Lawrence Krauss, CFI Urge Chair of House Science Committee to Protect Scientific Inquiry
May 16, 2013
The Center for Inquiry (CFI) on Thursday submitted a letter to Rep. Lamar Smith (R-TX), calling his draft legislative proposal altering the National Science Foundation’s (NSF) peer review system “both unnecessary and potentially harmful to science research supported by the United States government.”
The letter was signed by Lawrence Krauss, Foundation Professor at Arizona State University’s School of Earth and Space Exploration, and an Honorary Board Member at the Center for Inquiry; Ronald A. Lindsay, CFI’s President and CEO; and Michael De Dora, director of CFI’s Office of Public Policy.
The draft bill (PDF) proposed by Rep. Smith, chairman of the House Committee on Science, Space, and Technology, would require the NSF director to certify that a research project meet three new criteria before awarding a grant. It must advance national health, prosperity, welfare, or defense; it must be “groundbreaking” and answer questions or solve problems of the utmost importance; and it must not be duplicative of other government-funded research projects. It also suggests these requirements be considered for all federal science agencies.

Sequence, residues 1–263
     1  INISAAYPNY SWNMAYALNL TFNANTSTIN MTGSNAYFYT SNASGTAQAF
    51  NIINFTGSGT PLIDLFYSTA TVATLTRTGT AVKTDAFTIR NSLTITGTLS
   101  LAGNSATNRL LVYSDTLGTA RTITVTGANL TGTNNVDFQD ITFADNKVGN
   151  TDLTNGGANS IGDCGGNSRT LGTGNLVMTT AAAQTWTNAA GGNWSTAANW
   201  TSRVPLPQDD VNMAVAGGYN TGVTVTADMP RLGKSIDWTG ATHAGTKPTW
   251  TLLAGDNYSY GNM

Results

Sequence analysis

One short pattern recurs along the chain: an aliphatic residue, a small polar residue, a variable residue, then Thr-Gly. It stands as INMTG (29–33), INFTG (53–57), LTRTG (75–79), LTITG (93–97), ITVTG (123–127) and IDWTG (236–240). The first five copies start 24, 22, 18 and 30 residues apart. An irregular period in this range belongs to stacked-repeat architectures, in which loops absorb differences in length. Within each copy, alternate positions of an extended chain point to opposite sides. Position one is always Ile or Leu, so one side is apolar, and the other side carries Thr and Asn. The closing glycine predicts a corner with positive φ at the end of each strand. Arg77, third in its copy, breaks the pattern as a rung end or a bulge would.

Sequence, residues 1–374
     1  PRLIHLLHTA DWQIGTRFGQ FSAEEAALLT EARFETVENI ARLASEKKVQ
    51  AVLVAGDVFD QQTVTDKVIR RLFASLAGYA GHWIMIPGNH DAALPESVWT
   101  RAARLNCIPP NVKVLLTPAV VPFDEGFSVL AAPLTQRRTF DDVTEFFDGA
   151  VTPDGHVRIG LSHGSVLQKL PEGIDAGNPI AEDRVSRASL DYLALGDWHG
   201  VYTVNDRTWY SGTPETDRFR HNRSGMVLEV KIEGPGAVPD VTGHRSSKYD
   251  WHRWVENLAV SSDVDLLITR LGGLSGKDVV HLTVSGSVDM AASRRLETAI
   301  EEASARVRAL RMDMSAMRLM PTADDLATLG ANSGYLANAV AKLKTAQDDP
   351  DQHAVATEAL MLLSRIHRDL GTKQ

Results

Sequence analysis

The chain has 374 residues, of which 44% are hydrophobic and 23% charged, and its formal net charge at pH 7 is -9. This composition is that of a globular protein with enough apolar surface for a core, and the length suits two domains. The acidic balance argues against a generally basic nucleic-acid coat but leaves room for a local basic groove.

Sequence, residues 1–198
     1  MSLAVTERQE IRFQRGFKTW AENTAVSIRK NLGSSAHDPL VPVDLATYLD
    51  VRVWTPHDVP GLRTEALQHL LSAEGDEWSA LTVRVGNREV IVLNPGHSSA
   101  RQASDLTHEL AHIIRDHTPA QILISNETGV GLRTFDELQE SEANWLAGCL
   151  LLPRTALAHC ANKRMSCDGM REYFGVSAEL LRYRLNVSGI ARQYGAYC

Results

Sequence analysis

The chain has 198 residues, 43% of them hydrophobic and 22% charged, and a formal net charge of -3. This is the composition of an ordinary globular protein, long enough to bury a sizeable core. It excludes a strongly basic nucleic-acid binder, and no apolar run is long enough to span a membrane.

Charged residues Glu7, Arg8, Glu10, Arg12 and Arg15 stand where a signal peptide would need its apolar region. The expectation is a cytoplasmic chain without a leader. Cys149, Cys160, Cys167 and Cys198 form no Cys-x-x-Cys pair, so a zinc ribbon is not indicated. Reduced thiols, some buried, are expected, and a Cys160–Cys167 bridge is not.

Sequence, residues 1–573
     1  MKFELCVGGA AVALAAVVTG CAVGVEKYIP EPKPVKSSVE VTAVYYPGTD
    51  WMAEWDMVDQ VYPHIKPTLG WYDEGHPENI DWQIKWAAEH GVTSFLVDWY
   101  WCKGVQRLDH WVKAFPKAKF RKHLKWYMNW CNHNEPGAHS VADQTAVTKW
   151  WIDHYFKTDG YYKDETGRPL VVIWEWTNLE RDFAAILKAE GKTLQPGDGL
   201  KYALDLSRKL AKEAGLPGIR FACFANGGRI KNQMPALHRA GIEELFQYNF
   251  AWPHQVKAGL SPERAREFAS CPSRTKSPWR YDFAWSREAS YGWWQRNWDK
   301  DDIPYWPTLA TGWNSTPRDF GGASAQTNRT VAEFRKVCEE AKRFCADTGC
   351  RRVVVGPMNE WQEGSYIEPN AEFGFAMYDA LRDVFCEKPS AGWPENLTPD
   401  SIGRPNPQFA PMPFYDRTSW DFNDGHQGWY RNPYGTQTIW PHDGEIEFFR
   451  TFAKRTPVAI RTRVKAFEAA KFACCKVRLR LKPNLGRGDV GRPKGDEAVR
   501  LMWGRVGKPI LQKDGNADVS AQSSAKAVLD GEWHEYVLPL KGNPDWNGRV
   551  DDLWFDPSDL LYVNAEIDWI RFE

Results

CFI’s letter reads, in part:
“These requirements represent a serious misunderstanding of the nature of scientific inquiry and discovery and, if approved, would not facilitate, but instead obstruct productive scientific research.
The NSF’s current process for reviewing applications for contract or grant funding is based on the time-honored and scientifically sound principle of peer review. Under current NSF procedures, a group of independent experts with specialized knowledge in a field of specific scientific endeavor evaluates requests based on two main criteria: intellectual merit and societal impact.
Your bill would not improve this process, which is widely considered to be one of the most successful science funding processes in the world and which has placed our nation at the forefront of scientific advances; instead, it would burden this process with standards that politicize science and fail to give proper weight to the importance of basic scientific research.”
Given the risk this draft bill poses to scientific research, Krauss and the authors urge Rep. Smith to scrap his proposal.
You can download CFI’s full letter here (PDF).